You cannot control how other people perceive your efforts, and naturally, yes, you don’t want your first draft to set the standard for how we regard later drafts (though isn’t it interesting we treat first impressions of people so seriously?), but you can’t make the people like you to such a degree that they’ll never have a bad thought of you – you’re not in charge of them and their thinking. The best you can do is be you, and be the kind of you that makes you feel best while inspiring others to feel and be their best, all while everyone is doing the stuff that makes them feel good and inspires others to go do stuff too.
We all live with, we’ve all adopted, this notion that we’re seconds away, one tweet, one draft, one email, one pause, one word away from another human finding out that we’re undeserving of their love and help and attention and respect because of what we do, who we are, who/what we love. We all have this feeling, and we all perpetuate this idea that we’re the only one who has this feeling, that it’s unique to us.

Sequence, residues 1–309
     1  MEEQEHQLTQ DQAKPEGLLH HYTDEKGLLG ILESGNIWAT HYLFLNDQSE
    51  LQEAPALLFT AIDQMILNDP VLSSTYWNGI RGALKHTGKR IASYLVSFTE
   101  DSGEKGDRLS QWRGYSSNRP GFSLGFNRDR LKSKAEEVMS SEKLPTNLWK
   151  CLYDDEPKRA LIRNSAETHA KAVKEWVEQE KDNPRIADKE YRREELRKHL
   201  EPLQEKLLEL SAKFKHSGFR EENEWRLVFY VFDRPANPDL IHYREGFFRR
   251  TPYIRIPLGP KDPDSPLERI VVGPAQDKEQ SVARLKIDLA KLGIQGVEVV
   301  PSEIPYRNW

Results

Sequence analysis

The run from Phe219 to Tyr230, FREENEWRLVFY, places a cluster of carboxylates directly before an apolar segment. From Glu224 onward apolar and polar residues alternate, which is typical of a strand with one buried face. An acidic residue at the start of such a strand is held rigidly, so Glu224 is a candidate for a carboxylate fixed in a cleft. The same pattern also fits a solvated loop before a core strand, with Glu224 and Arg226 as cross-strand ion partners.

It’s not. It might not always take the same form with every person, but the feeling isn’t just yours. This one version is bespoke to you for a variety of reasons, but we’re all there.
We are who we are, and we’re never undeserving of love and respect and care and attention and help. No matter what we make, who we love, where we go, how we are, what stuff we do. We might not all agree on things, we might present each other with differing points of view or ideas that don’t fit neatly with other ideas, but we’re all capable of existing in a world where there are multiple people and multiple ideas. I checked.
So open your notebooks. Write down that stuff. Make the transition, one step at a time, to doing something more than worrying about whether or not you’re good enough. Don’t worry, I’m sure we’ll all find new reasons to keep thinking we’re going to be revealed as impostors later, but for right now, let’s just take a few seconds to take some steps forward.
Happy creating. One step at a time.